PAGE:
Sometimes the monotony that ensues with the mundane yet important menial tasks, which are rudimentary to every architectural office or practice studio, always appear to somehow feel more domineering, daunting or stressful than they should be.
I know that there are days where I get caught up in the stresses and humdrum aspects of practice life. But it is moments, such as the instrumental Architecture Asia Pacific Symposium that has been held in Brisbane over the last two years, that so effortlessly reminds us, about the satiating and influential nature of architecture. The Architecture AP Symposium (as it is referred), again hosted a great forum for all local, national and international architects to commend, reflect and share the hard work, incredible changes, and influential stories, that are both present and shaping the Asia Pacific region.
The 2017 speaker line-up provided a great insight into the myriad of paths and unconventional journeys, which architecture can lead you on, throughout various milestones in your career. The representatives of each firm ranged from well known and large scale studios, all the way through to, smaller up-and-coming emerging architecture firms, all located across the Asia Pacific region.
Of the nine architectural studios that presented on the day, there were several humbling moments, specifically of the work that architects such as Milinda Pathiraja of Robust Architecture Workshop, Stephen Collier (Architects) and Shigeru Ban (Architects), were undertaking in Sri Lanka, PNG, and for the UN (across the globe), respectively. The work they chose to present at the symposium, spoke about architecture as a social tool to empower those less fortunate; unable to empower or upskill themselves.
Thus the juxtaposition of what architecture is and what architecture means in a western developed country is sometimes forgotten, as this notion is inconceivably different to the notion of architecture in developing nations (and countries) across the Asia Pacific.
It was deeply touching to know the rewarding aspects in architecture that reach far beyond just the outcome of a beautifully-detailed and well-thought out building for a magazine or portfolio piece. That the process of architecture (and construction), has the ability to upskill and educate locals with construction knowledge, which was reinstated by applying both a fundamental understanding of local materials, traditional building techniques, contextual site constraints specific to the areas, but additionally with the advancements of technology.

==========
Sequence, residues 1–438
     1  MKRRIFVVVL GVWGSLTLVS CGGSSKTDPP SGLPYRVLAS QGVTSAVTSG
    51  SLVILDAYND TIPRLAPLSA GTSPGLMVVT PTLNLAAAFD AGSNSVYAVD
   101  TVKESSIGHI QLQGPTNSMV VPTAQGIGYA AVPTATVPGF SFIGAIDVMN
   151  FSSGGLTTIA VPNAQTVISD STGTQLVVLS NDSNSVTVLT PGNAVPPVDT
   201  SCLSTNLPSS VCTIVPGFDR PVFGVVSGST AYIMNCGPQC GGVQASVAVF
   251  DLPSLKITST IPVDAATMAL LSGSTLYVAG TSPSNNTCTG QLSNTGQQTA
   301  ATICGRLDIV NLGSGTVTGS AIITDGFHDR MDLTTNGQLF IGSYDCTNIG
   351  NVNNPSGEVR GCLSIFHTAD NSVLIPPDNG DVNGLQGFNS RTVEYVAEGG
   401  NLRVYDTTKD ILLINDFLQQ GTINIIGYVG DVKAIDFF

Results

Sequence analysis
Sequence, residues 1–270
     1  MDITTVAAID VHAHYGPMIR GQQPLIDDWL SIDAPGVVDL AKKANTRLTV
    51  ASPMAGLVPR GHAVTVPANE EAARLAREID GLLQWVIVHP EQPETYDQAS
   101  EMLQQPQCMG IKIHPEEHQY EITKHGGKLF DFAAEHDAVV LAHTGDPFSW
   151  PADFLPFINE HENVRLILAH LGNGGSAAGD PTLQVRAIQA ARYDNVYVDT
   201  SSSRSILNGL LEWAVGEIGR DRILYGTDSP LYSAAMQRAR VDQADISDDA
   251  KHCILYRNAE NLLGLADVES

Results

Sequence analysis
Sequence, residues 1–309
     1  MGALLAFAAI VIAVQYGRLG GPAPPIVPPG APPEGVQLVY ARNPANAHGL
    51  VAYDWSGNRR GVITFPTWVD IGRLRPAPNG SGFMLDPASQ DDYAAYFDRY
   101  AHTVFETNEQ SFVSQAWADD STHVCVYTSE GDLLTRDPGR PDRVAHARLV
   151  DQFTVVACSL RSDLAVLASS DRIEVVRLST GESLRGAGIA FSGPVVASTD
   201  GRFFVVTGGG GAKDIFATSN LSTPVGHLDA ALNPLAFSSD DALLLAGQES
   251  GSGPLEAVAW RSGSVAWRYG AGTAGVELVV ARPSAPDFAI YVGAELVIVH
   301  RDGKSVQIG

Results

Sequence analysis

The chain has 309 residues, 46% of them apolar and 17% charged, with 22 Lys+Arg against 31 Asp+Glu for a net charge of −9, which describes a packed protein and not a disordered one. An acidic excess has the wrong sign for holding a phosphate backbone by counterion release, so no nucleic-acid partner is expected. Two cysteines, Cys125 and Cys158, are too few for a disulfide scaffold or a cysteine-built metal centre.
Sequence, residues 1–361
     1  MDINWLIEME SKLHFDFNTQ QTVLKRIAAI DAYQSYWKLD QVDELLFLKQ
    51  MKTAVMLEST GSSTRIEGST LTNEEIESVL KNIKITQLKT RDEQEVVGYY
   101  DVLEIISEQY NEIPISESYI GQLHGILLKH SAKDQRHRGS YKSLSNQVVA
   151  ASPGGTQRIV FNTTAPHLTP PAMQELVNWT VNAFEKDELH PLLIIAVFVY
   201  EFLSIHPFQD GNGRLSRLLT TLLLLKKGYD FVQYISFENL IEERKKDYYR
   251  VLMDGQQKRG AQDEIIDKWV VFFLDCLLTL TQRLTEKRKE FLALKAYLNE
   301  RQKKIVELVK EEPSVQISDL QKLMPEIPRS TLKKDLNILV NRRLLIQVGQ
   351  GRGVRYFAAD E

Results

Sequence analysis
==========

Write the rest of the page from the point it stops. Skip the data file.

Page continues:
Therefore, due to the many facets of which architecture can be a catalyst, this idea that art and science combine in the world of architecture, is still a fundamental ethos driving many designers (and firms); in a world currently rich in technological advancements. Architecture as a device for innovation, was another topic that was weaving its way through majority of presentations like OBBA, Spark Architects, Warren and Mahoney, but particularly so of Thailand based firm; thingsmatter.
Experimenting, challenging and being able to convince the wider population of innovative ideas and techniques is not an easy task.
But Tom and Savinee (of thingsmatter) made it look so effortless and above all, most inspiring. Armed with a knowledge grounded in installation/exhibition works, they were able to push the realistic and functional boundaries of conventional living, in these conditioned (exhibition hall) spaces; uninhibited by usual building complications i.e. such as weatherproofing. By being able to construct 1:1 prototypes, which visitors (to the expos) were able to interact with and walk though, this model displayed unprecedented levels of interest; which goes to show the open-mindedness of the public. As designers, this notion should not be taken lightly but a discovery that should be at the forethought, for as many projects in which the client is liberal in their thinking and willing to take on such risk.
Not to discount the works of the other presenters at the Symposium, not mentioned in detail (above); the works of other larger firms such as DCM and Rogers Stirk Harbour + Partners. They too presented a respective insight into their firm’s early beginnings, however it was more specifically a reflection on the projects that were pinnacle to the business’ success which all had groundings in projects conceived in the Asia Pacific region.
A reassuring fact to know is that Australia’s architectural positioning in the Asia Pacific region is one which sets us apart from our Americas and European counterparts.